Goats Head Soup

Goats Head Soup is the 11th British and 13th American studio album by the English rock band the Rolling Stones. It was released on 31 August 1973 by Rolling Stones Records. Like its predecessor Exile on Main St., the band composed and recorded much of it outside of the United Kingdom due to their status as tax exiles. Goats Head Soup was recorded in Jamaica, the United States and the United Kingdom. The album contains 10 tracks, including the lead single "Angie" which went to number one as a single in the US and the top five in the UK.

Goats Head Soup
The Rolling Stones - Goats Head Soup.jpg
Studio album by
Released31 August 1973 (1973-08-31)
Recorded25 November 1972 – 5 February 1973
Studio
Genre
Length46:56
LabelRolling Stones
ProducerJimmy Miller
The Rolling Stones chronology
Exile on Main St.
(1972)
Goats Head Soup
(1973)
It's Only Rock 'n Roll
(1974)
Singles from Goats Head Soup
  1. "Angie" / "Silver Train"
    Released: 20 August 1973
  2. "Doo Doo Doo Doo Doo (Heartbreaker)" / "Dancing with Mr. D"
    Released: December 1973

The album was the last to be produced by Jimmy Miller who was a key architect of the Rolling Stones sound during their most acclaimed period which began with 1968's Beggars Banquet. Bass guitarist Bill Wyman only appears on three of the album's ten tracks, but the rest of the Rolling Stones, lead vocalist Mick Jagger, lead guitarist Keith Richards, guitarist Mick Taylor and drummer Charlie Watts, play on every track, with the exception of "Winter", which does not feature Richards. In addition to the main band, the standard cadre of Rolling Stones collaborators also play extensively on the album, including saxophonist Bobby Keys, organist Billy Preston, and pianists Nicky Hopkins and Ian Stewart.

Goats Head Soup achieved number one chart positions in the UK, US, and several other world markets. However, it received mixed reviews from critics and audiences and is generally seen as the beginning of the band's decline after a string of critically acclaimed albums. The band supported the album on a tour of Europe following its release. The album was remastered and released in 1994 and again in 2009 by Virgin Records and Universal Music respectively. It was remixed by Giles Martin for a 2020 reissue, including a deluxe edition with bonus tracks and unreleased outtakes. The re-issue returned the album to number one in the UK charts.

RecordingEdit

In November 1972 the band relocated to Dynamic Sounds studio in Kingston, Jamaica. Keith Richards said in 2002: "Jamaica was one of the few places that would let us all in! By that time about the only country that I was allowed to exist in was Switzerland, which was damn boring for me, at least for the first year, because I didn't like to ski ... Nine countries kicked me out, thank you very much, so it was a matter of how to keep this thing together ..."[1]

Of the recording process, Marshall Chess, the president of Rolling Stones Records at the time, said in 2002, "We used to book studios for a month, 24 hours a day, so that the band could keep the same set-up and develop their songs in their free-form way, starting with a few lyrics and rhythms, jamming and rehearsing while we fixed the sound. It amazed me, as an old-time record guy, that the Stones might not have played together for six or eight months, but within an hour of jamming, the synergy that is their strength would come into play and they would lock it together as one ..."[2]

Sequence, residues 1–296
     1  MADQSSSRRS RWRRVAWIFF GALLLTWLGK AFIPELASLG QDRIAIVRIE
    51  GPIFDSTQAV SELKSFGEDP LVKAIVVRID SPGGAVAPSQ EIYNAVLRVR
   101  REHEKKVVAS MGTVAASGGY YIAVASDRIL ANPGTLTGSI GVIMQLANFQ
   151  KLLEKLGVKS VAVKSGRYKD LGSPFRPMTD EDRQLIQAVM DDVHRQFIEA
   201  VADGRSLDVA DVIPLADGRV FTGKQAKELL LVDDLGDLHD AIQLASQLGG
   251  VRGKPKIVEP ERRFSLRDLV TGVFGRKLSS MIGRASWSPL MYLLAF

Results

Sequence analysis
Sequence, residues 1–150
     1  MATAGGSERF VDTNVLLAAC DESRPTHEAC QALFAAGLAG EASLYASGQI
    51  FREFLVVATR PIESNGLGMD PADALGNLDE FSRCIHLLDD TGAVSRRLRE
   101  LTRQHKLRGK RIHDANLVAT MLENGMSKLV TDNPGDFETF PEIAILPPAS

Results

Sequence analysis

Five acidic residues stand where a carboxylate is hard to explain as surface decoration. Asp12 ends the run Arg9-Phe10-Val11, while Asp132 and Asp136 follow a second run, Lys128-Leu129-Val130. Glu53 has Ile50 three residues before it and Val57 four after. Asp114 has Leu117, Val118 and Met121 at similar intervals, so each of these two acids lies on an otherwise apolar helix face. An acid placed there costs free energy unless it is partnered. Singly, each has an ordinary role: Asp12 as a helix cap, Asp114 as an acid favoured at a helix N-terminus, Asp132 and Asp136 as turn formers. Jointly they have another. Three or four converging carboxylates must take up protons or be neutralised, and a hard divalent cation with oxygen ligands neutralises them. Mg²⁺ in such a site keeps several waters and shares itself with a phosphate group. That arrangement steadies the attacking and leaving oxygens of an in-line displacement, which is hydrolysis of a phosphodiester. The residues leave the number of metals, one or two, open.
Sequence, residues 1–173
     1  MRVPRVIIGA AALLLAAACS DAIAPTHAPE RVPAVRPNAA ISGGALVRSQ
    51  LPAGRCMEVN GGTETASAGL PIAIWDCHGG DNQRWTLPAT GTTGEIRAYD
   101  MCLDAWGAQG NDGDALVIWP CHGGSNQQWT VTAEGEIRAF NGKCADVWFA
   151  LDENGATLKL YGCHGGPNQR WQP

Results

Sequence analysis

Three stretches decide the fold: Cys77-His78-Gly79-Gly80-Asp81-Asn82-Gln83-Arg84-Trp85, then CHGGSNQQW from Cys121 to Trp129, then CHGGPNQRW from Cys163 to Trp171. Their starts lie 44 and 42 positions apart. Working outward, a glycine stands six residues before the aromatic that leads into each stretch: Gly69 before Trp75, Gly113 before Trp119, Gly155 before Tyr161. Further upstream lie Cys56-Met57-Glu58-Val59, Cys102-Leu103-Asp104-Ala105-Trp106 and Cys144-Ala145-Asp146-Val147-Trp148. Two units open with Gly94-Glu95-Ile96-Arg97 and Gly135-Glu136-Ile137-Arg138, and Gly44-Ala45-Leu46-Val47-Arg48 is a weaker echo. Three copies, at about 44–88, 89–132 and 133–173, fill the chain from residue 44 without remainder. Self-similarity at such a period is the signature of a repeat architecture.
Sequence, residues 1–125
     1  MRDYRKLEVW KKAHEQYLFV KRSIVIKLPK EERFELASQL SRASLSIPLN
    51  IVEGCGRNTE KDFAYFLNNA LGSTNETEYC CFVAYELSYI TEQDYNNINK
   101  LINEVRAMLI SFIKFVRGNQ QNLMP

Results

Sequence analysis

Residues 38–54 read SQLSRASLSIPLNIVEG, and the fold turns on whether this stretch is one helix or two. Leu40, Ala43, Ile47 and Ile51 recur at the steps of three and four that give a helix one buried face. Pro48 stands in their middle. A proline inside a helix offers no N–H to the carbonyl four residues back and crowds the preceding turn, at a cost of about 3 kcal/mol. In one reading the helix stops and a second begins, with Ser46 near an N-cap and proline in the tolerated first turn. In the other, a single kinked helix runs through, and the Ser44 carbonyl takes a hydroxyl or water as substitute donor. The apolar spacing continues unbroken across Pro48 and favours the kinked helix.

Jagger said of their approach to recording at the time, "Songwriting and playing is a mood. Like the last album we did (Exile on Main St.) was basically recorded in short concentrated periods. Two weeks here, two weeks there – then another two weeks. And, similarly, all the writing was concentrated so that you get the feel of one particular period of time. Three months later it's all very different and we won't be writing the same kind of material as Goats Head Soup."[3]

On the sessions and influence of the island, Richards said, "The album itself didn't take that long, but we recorded an awful lot of tracks. There were not only Jamaicans involved, but also percussion players who came from places like Guyana, a travelling pool of guys who worked in the studios. It was interesting to be playing in this totally different atmosphere. Mikey Chung, the engineer at Dynamic, for example, was a Chinese man – you realise how much Jamaica is a multi-ethnic environment."[4]

The first track recorded at Dynamic was "Winter", which Mick Taylor said started with "just Mick (Jagger) strumming on a guitar in the studio, and everything falling together from there".[3] The main theme of the lyrics of the song go back to a 1968 outtake "Blood Red Wine". The song is also the only song on the album that does not feature Richards as a performer, with the electric rhythm guitar being played by Jagger. Mick Taylor would later record longer versions of "Winter" with Carla Olson for her The Ring Of Truth album and "Silver Train" for their Too Hot For Snakes album.